What is leverage?

Definition of Leverage

In accounting and finance, leverage is the use of a significant amount of debt to purchase an asset, operate a company, acquire another company, etc.

Since the cost of debt is normally less than the cost of obtaining additional stockholders' equity, it is wise for a company to use some debt to control a larger amount of profitable assets. However, too much debt can mean significant risk when business conditions decline.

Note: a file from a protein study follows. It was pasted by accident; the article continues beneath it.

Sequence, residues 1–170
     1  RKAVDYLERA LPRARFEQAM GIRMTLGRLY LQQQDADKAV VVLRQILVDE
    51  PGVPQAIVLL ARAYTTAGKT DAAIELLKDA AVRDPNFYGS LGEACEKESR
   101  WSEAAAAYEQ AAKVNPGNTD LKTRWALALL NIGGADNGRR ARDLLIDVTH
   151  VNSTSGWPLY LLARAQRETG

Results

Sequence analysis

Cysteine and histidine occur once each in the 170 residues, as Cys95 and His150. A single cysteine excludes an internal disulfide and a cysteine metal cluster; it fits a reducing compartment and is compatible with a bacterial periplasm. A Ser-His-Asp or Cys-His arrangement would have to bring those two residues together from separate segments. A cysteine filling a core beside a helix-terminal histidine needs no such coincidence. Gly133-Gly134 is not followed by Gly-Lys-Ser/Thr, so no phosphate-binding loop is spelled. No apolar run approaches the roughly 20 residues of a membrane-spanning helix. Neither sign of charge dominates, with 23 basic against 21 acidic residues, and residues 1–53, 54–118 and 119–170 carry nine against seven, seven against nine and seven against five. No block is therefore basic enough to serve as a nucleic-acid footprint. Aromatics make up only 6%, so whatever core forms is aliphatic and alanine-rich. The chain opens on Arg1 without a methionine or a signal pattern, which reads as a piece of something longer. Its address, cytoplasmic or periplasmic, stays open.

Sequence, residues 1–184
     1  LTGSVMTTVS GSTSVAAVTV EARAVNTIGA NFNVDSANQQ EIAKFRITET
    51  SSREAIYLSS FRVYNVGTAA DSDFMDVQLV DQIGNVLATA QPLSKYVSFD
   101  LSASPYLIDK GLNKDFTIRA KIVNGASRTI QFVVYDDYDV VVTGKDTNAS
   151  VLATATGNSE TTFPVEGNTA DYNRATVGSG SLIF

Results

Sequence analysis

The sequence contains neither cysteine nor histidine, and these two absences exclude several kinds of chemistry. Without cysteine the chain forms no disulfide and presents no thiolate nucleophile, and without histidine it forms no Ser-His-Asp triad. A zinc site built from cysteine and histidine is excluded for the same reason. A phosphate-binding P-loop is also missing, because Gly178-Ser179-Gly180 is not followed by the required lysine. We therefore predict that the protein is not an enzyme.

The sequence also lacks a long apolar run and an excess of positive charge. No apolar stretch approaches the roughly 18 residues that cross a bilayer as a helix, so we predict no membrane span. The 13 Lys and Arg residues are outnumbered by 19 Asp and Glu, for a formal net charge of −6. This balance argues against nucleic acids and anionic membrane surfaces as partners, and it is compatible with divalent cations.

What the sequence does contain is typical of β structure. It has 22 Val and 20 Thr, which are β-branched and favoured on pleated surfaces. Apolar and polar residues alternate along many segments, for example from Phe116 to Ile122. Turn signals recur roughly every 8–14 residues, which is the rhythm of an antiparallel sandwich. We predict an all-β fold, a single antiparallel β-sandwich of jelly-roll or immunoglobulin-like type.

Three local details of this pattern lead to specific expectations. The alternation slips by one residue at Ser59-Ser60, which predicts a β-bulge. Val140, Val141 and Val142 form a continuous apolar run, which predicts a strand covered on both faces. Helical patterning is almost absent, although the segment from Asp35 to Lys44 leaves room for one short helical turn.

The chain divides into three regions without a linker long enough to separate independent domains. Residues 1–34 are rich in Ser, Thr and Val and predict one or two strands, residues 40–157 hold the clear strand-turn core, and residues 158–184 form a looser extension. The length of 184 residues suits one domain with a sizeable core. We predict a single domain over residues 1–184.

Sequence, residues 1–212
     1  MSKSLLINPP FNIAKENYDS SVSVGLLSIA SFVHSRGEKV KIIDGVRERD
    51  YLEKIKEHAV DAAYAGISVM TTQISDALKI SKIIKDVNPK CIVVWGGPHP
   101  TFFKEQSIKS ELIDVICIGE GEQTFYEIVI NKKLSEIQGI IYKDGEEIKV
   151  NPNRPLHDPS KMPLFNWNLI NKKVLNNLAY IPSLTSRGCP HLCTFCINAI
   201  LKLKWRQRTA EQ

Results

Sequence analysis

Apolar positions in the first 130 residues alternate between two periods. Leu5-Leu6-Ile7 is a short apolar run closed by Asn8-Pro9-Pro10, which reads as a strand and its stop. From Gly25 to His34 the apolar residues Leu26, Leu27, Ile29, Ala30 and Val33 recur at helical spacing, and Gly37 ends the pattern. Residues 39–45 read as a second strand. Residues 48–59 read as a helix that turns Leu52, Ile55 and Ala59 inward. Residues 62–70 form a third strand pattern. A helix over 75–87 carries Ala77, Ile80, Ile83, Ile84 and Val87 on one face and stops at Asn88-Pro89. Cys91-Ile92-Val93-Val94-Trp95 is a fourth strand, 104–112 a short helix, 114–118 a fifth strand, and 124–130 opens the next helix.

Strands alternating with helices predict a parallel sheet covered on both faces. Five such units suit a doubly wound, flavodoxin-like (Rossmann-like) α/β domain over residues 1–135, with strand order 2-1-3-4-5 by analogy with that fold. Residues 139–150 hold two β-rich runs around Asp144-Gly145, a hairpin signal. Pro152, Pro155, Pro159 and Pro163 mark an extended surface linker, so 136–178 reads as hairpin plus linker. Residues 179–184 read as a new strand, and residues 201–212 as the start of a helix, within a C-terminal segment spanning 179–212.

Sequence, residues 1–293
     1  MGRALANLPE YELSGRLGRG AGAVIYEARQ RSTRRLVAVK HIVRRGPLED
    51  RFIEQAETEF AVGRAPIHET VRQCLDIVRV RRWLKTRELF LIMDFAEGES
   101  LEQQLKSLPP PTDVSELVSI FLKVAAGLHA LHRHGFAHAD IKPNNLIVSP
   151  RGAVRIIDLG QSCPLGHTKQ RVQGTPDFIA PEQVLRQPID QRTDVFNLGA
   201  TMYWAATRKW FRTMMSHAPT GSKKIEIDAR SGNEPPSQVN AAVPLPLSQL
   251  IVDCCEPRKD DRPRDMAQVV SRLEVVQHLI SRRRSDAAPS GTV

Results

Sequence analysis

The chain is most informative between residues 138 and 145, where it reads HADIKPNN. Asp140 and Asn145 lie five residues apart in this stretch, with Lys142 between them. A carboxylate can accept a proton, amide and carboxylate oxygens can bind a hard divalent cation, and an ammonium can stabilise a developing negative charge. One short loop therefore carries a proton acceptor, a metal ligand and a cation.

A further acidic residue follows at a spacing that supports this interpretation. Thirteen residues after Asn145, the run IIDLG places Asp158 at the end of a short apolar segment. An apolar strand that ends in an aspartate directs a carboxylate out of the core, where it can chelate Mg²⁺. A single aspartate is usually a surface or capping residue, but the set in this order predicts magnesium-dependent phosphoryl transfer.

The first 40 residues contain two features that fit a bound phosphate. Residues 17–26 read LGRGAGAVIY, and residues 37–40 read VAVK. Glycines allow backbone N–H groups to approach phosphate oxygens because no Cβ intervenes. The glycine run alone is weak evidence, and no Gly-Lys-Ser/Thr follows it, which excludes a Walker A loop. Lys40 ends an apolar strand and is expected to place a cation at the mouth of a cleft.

Leverage is also known as trading on equity.

Examples of Leverage

A company's leverage can be measured by the following financial ratios:

In these ratios, debt includes the company's current and noncurrent liabilities such as:

  • Bonds payable
  • Bank loans
  • Other loans
  • Accounts payable
  • Other amounts owed

In a related Q&A we illustrate how leverage can increase or decrease the returns on investments.

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